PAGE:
"Provincelands", 2008 Pastel on Strathmore charcoal paper, 10" x 21"
This painting of the sand dunes along Route 6 in Provincetown, MA was done using my reference photo. The water's surface is a challenging exercise. Reflections appear where the water is flat and undisturbed by the breeze, but the reflections lack some detail. Lights appear darker and darks appear lighter in the reflection. I try to paint what I see when I look at the scene and the reflections, not what I know to be water.
This pastel painting was done from a reference photo taken at a favorite hiking spot. The light is what draws me to many subjects, and the dappled sunlight along the path was what I wanted to capture here. The painting was part of the 2008 Greenways Four Seasons exhibit that toured three towns over a period of months.
As I painted the bird's feathers, my goal was to achieve the most realistic image that I could. There are many beautiful birds that come to our feeders throughout the year including the colorful male rose-breasted grosbeak and his less distinctive brown and white mate. The grosbeaks summer where we live. This pastel painting won First Place and Reserve Champion in the 2008 Sterling Fair. This painting was also part of the 2008 Greenways Four Seasons exhibit that toured three towns over a period of months.
"Spring Pasture", 2008 Pastel on Strathmore paper, 9 1/2" x 16"
This painting is part of the farm series. The wagon road caught my attention as I was driving by. It pulls you into the scene. I worked in the compliments of orange and blue. Artist/authors state the absolute importance of planning before beginning a painting. Much of my compositional and color planning is done in Adobe Photoshop on the computer. The graphics editing software allows me a lot of image control and manipulation possibilities. My color choice is usually close to the local color of the scene that I experienced and photographed. Recently, I read Margaret Kessler’s “Color Harmony in Your Paintings” in which she stresses the importance of pre-painting planning. She writes about composition, value, and color planning. She also uses photo references, but decides the color scheme before beginning to work. In her work she may change the color scheme completely, even making a summer view into an autumn painting or a cool color scheme into a warm one. The color scheme of the painting is dependent on the feeling she wants to express. She says that using a complimentary color scheme will “create visual excitement through contrast”. By placing complimentary colors beside one another the artist can “create a strong focal point” in the painting. She does recommend that the artist emphasize one of the compliments over the other. I am beginning to "stretch" the local color of a scene, but I have work to do to achieve more expressive colors over realistic colors.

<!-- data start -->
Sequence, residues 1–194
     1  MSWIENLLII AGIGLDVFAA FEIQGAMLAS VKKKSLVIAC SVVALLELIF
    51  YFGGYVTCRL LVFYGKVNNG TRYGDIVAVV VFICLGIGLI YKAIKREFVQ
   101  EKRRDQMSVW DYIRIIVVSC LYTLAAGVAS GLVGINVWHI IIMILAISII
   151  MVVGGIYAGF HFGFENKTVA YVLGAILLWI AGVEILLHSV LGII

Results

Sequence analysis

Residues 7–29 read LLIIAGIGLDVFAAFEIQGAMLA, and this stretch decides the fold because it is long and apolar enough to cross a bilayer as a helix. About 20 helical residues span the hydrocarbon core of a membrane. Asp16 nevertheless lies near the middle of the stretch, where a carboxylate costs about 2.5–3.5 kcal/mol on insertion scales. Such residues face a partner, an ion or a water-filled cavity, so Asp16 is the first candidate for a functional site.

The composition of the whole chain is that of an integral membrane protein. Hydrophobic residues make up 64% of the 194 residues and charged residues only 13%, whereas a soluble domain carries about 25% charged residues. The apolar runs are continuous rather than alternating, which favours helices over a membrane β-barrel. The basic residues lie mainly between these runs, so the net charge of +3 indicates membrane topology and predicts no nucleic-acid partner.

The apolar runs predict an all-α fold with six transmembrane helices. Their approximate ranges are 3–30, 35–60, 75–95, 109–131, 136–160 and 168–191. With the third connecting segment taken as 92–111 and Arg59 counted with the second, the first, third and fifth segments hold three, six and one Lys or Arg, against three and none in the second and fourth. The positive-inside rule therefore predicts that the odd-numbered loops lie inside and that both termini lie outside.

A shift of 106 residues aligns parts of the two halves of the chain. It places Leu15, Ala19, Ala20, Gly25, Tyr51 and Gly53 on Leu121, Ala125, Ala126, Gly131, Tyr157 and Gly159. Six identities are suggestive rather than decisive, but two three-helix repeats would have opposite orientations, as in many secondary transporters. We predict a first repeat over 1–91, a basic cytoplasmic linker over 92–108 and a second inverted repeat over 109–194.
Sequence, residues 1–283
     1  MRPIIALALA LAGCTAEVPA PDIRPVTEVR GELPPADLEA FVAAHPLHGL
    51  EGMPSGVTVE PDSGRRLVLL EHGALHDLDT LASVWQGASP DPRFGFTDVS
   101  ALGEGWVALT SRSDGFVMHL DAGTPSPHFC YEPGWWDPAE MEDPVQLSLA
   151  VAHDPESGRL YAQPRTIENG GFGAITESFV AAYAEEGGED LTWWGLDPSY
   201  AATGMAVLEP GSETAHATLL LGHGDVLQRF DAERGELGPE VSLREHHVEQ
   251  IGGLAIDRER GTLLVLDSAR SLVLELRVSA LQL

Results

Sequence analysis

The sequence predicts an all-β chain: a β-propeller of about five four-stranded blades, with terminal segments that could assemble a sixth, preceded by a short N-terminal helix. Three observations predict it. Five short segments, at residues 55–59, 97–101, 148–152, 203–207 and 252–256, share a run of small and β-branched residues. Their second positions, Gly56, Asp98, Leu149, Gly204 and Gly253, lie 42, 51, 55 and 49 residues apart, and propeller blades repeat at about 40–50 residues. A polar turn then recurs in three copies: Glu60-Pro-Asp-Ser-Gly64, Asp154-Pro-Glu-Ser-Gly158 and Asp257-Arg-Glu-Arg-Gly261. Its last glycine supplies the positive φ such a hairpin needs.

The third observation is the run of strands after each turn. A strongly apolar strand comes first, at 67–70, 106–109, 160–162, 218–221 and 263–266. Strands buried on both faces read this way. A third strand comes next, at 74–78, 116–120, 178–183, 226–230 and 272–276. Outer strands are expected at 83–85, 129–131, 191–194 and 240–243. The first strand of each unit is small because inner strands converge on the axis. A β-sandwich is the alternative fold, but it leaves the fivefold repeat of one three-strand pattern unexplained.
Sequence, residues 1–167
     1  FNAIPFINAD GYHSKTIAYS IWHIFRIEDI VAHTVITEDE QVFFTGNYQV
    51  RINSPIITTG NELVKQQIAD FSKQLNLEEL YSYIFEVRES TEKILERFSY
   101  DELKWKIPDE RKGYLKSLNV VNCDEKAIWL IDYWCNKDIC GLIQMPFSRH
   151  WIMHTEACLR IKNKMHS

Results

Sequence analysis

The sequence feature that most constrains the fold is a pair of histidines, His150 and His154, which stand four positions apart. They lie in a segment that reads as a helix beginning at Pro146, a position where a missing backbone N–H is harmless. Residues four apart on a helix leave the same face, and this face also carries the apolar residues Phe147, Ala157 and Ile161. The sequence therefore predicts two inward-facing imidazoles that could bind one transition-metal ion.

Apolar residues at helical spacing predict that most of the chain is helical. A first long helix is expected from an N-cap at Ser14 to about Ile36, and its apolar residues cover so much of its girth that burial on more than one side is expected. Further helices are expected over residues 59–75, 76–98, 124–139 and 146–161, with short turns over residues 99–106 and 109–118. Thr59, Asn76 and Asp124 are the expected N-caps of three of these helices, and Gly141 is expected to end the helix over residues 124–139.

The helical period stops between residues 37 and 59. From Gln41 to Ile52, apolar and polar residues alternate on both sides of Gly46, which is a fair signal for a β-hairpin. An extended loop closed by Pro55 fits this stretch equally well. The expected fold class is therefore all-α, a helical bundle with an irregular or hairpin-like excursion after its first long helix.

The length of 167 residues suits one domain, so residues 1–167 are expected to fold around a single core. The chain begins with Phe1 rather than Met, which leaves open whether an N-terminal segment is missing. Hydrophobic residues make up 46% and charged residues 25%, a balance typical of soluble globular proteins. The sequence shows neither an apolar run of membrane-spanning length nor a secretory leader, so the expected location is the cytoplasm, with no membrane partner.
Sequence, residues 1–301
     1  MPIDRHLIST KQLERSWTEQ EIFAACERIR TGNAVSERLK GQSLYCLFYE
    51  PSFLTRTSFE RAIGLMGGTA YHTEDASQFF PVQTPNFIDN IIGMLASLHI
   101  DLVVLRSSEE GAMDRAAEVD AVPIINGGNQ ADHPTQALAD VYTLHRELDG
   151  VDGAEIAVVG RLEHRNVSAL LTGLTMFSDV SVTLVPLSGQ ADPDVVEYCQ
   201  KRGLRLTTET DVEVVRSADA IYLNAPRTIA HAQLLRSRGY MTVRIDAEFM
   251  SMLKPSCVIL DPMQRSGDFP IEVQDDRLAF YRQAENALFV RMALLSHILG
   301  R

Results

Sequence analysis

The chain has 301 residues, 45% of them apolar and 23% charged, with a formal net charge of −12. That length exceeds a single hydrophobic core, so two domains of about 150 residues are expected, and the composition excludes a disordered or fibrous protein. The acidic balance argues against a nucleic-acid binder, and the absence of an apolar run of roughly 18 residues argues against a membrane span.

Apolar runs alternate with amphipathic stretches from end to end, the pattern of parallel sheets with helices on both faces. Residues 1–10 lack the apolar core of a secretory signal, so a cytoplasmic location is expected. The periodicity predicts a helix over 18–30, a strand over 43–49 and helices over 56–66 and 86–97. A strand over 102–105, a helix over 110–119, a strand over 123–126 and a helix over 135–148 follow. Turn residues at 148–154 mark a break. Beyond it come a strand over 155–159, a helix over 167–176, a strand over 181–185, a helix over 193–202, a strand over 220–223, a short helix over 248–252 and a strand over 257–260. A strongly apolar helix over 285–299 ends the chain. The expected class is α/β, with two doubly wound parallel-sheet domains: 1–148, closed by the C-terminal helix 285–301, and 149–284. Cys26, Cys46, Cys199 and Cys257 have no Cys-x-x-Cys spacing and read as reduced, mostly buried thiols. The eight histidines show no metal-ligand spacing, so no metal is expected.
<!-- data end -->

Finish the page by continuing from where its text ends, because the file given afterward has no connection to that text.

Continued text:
"Storm Hill Farm", 2008 Acrylic on canvas, 11" x 14"
This acrylic painting is part of the farm series. The photo reference was taken at Storm Hill Farm, Princeton, MA on Farm Day. This was a tour of participating farms sponsored by the Princeton Agricultural Commission, Audubon, and the Princeton Art Society. This painting was part of the 2008 Greenways Four Seasons exhibit that toured three towns over a period of months. "Storm Hill Farm" won First Place in acrylic painting and Champion in the 2008 Sterling Fair.
"Phoebes", 2008 pastel on Strathmore paper, 7" x 10"
This painting is from a reference photo taken from our kitchen window. Each year the phoebes return to nest under our eave just feet from this vertical cranberry bush. These babies are from the summer's brood on their first flight.
"In from the Barn", 2008 pastel on Strathmore paper, 18" x 11 3/4"
This portrait is the beginning of a series of paintings of New England farming. Through these paintings I hope to show the farming community with its rich history, the connection of people to the land, and the pride and respect that farmers have for family and tradition. The classic, hand-hewn barns, live stock, and open fields are my subjects.
Many of my pieces are landscapes. I feel very comfortable out of doors, I've always camped, hiked, and fished. I strive to communicate to others, through my artwork, the amazement I feel for Nature's wonders. I work to improve my skills so that I may share the sunsets, the shadows on the path, or the flowers in the fields.